[T]he Mind once jaded by an attempt above its Power, it either is diſabl'd for the future, or elſe checks at any vigorous Undertaking ever after, at leaſt is very hardly brought to exert its Force again on any Subject that requires Thought and Meditation.
    2. (obsolete) To treat (someone or something) like a jade; to spurn.
    3. (obsolete) To make (someone or something) contemptible and ridiculous.
    Derived termsEdit
    TranslationsEdit

    ReferencesEdit

    1. ^ Douglas Harper (2001–2021), “jade”, in Online Etymology Dictionary.
    2. ^ Eric Partridge, Origins: A Short Etymological Dictionary of Modern English →ISBN, 2006)
    3. ^ Per Thorson, Anglo-Norse studies: an inquiry into the Scandinavian elements in the modern English dialects, volume 1 (1936), page 52: "Yad sb. Sc Nhb Lakel Yks Lan, also in forms yaad, yaud, yawd, yoad, yod(e).... [jad, o] 'a work-horse, a mare' etc. ON jalda 'made', Sw. dial. jäldä, from Finnish elde (FT p. 319, Torp p. 156 fol.). Eng. jade is not related."
    4. ^ Saga Book of the Viking Society for Northern Research, page 18: "There is thus no etymological connection between ME. jāde MnE. jade and ME. jald MnE. dial. yaud etc. But the two words have influenced each other mutually, both formally and semantically."

    DanishEdit

    PronunciationEdit

    NounEdit

    jade c (singular definite jaden, uncountable)

    1. (mineralogy) jade

    FinnishEdit

     
    Finnish Wikipedia has an article on:
    Wikipedia fi

    PronunciationEdit

    • IPA(key): /ˈjɑde/, [ˈjɑde̞]
    • Rhymes: -ɑde
    • Syllabification: ja‧de

    NounEdit

    jade

    1. (mineralogy) jade

    DeclensionEdit

    Inflection of jade (Kotus type 8/nalle, no gradation)
    nominative jade jadet
    genitive jaden jadejen
    partitive jadea jadeja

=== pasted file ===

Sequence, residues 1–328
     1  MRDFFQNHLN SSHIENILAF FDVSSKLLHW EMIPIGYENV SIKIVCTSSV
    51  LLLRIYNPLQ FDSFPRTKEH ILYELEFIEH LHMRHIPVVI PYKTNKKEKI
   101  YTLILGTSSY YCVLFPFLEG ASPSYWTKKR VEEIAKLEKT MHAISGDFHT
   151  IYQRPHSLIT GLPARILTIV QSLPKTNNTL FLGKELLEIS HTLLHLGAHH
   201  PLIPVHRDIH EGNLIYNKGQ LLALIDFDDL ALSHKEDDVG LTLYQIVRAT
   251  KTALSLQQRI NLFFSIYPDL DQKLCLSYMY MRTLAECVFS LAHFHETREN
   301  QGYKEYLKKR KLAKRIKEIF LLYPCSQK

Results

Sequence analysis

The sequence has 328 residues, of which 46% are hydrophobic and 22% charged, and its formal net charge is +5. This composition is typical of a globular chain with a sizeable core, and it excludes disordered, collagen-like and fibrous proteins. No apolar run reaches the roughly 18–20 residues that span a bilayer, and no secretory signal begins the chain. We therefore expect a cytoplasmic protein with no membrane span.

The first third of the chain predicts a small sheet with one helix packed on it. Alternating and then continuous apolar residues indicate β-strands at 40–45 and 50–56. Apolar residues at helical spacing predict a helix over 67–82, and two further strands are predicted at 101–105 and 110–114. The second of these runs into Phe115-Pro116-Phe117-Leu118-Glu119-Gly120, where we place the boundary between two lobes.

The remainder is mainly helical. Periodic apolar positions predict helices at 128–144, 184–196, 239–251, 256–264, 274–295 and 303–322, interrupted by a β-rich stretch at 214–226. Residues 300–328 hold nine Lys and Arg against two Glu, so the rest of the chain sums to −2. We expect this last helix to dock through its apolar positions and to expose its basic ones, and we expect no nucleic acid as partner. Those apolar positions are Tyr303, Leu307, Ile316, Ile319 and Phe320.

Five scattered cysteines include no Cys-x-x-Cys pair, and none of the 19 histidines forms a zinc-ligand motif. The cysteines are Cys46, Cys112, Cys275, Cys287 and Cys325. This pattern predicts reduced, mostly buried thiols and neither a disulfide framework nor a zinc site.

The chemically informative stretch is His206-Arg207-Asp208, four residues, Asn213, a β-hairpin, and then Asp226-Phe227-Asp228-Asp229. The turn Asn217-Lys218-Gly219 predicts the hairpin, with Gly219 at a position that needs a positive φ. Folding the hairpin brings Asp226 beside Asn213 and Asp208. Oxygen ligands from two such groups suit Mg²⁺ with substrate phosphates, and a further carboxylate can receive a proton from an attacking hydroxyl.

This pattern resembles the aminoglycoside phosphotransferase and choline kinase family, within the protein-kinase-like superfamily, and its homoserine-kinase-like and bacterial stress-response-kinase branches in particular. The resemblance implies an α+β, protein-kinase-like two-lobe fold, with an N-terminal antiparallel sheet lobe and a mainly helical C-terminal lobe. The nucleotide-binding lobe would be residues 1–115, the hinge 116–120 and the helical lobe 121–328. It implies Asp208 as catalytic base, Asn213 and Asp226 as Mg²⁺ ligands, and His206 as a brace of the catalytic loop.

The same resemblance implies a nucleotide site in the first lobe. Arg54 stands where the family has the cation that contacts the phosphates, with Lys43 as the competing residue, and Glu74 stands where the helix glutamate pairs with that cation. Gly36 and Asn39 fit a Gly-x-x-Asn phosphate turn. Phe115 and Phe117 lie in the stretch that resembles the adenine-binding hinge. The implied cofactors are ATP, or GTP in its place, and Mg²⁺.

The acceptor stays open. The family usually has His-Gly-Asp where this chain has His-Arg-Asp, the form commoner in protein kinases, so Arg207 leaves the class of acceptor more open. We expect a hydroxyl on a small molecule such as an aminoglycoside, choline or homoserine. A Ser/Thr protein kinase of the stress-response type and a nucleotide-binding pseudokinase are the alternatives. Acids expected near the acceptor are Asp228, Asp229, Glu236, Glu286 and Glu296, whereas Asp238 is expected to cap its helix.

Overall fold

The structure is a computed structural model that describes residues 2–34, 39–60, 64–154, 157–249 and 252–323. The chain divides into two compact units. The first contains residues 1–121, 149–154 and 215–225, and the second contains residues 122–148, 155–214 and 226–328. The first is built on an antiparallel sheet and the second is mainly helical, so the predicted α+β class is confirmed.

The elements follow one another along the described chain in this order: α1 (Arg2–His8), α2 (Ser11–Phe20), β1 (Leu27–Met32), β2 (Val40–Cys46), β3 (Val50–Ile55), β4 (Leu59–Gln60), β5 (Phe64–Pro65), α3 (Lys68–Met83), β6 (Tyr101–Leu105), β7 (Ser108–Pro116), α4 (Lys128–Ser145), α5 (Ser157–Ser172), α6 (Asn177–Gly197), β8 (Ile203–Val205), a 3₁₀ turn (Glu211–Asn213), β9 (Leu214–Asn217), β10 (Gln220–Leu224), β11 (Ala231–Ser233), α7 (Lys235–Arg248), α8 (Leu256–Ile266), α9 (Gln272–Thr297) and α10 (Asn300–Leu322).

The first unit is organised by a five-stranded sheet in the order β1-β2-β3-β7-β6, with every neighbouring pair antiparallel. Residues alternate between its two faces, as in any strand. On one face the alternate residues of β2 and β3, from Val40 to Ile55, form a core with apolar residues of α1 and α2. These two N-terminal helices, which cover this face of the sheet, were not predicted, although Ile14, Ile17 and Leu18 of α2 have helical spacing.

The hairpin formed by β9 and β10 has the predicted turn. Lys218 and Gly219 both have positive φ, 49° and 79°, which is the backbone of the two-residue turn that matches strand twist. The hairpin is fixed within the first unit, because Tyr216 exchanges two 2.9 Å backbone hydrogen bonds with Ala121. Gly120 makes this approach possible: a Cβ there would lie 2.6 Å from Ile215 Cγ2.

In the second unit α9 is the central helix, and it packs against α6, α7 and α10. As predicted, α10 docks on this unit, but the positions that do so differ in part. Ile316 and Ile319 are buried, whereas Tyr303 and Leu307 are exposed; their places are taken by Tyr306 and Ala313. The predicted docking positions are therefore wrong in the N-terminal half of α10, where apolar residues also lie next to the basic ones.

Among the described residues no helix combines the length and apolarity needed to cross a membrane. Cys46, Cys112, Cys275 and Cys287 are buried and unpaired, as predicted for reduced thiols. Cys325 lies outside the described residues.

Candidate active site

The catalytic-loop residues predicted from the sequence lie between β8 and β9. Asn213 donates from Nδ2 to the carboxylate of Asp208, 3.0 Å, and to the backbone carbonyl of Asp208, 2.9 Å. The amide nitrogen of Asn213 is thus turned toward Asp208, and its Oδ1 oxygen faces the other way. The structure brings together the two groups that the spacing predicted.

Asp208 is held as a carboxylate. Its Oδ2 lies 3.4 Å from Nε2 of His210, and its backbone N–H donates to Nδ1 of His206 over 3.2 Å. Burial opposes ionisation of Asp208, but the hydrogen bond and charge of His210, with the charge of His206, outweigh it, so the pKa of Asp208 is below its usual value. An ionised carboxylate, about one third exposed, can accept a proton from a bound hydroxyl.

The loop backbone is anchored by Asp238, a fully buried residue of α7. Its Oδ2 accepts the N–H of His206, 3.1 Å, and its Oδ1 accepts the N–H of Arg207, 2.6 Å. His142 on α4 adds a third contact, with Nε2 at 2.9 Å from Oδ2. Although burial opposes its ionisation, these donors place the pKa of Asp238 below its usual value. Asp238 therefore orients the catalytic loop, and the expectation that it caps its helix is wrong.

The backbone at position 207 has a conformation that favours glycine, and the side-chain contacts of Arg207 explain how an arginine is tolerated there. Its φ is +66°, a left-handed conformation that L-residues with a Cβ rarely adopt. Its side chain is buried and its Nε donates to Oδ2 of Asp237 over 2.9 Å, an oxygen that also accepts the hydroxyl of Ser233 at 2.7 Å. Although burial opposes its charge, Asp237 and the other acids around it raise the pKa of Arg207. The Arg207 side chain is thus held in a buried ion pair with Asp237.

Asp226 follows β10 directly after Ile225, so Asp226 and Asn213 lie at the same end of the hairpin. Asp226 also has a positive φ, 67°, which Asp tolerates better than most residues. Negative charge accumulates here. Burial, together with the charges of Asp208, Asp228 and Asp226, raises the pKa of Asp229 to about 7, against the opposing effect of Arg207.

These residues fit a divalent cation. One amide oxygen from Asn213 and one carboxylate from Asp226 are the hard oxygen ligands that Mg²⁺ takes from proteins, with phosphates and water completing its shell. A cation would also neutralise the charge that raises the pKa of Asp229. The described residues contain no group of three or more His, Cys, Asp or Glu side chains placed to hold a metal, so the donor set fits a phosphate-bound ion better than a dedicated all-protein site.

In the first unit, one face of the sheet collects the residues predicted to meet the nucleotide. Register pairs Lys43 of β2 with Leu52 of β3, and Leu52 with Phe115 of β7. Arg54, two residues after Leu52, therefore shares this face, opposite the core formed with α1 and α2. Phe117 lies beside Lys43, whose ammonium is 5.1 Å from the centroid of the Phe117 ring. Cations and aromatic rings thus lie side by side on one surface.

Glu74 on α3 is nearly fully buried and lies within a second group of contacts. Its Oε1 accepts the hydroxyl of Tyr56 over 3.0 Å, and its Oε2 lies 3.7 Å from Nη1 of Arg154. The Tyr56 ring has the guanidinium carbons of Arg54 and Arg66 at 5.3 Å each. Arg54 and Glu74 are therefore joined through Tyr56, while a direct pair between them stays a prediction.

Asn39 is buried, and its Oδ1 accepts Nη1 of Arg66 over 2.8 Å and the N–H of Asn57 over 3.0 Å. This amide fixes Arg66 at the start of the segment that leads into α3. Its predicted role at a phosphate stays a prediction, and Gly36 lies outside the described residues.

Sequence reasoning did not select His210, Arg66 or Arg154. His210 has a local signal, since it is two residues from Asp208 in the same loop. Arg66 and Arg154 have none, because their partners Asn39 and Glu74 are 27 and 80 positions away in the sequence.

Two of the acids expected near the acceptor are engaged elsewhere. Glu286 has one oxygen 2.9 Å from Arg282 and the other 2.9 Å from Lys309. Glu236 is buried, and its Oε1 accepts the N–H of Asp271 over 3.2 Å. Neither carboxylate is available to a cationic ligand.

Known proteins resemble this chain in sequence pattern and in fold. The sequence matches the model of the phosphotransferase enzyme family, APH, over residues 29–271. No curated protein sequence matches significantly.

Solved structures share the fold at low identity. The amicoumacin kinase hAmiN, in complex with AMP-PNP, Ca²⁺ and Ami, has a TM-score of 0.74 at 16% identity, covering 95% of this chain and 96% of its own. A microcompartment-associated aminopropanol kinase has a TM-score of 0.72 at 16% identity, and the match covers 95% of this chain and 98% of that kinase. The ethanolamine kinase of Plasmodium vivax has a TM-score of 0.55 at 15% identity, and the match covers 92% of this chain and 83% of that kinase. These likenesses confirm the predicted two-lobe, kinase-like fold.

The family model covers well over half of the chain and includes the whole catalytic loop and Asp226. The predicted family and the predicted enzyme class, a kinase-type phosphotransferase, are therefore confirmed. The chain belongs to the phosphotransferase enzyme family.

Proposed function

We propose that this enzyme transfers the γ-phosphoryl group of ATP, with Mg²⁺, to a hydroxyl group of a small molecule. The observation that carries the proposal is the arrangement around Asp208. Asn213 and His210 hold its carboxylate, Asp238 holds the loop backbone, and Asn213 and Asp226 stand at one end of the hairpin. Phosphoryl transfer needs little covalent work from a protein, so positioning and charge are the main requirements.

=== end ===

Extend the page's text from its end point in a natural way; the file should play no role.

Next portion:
illative jadeen jadeihin
    singular plural
    nominative jade jadet
    accusative nom. jade jadet
    gen. jaden
    genitive jaden jadejen
    jadeinrare
    partitive jadea jadeja
    inessive jadessa jadeissa
    elative jadesta jadeista
    illative jadeen jadeihin
    adessive jadella jadeilla
    ablative jadelta jadeilta
    allative jadelle jadeille
    essive jadena jadeina
    translative jadeksi jadeiksi
    instructive jadein
    abessive jadetta jadeitta
    comitative jadeineen
    Possessive forms of jade (type nalle)
    possessor singular plural
    1st person jadeni jademme
    2nd person jadesi jadenne
    3rd person jadensa

    FrenchEdit

    EtymologyEdit

    Rebracketed from earlier l'ejade (jade), from Spanish piedra de ijada (flank stone), via Vulgar Latin *iliata from Latin ilia (flank) (jade was thought to cure pains in the side).

    PronunciationEdit

    NounEdit

    jade m (plural jades)

    1. jade

    DescendantsEdit

    • Catalan: jade
    • English: jade
    • German: Jade
    • Italian: giada
    • Portuguese: jade
    • Romanian: jad
    • Spanish: jade

    Further readingEdit

    AnagramsEdit


    PortugueseEdit

    EtymologyEdit

    From French le jade, rebracketing of earlier l'ejade (jade), from Spanish piedra de ijada (flank stone), via Vulgar Latin *iliata from Latin ilia (flank) (jade was thought to cure pains in the side).

    PronunciationEdit

    NounEdit

    jade m (plural jades)

    1. jade (gem)

    Serbo-CroatianEdit

    NounEdit

    jade (Cyrillic spelling јаде)

    1. vocative singular of jad

    SpanishEdit

     
    Spanish Wikipedia has an article on:
    Wikipedia es

    EtymologyEdit

    From French jade, back formation from le jade, rebracketing of earlier l'ejade (jade), from Spanish piedra de ijada (literally flank stone), via Vulgar Latin *iliata from Latin ilia (flank) (jade was thought to cure pains in the side).

    PronunciationEdit

    • IPA(key): /ˈxade/, [ˈxa.ð̞e]

    NounEdit

    jade m (plural jades)

    1. (mineralogy) jade

    Derived termsEdit

    AnagramsEdit

    Further readingEdit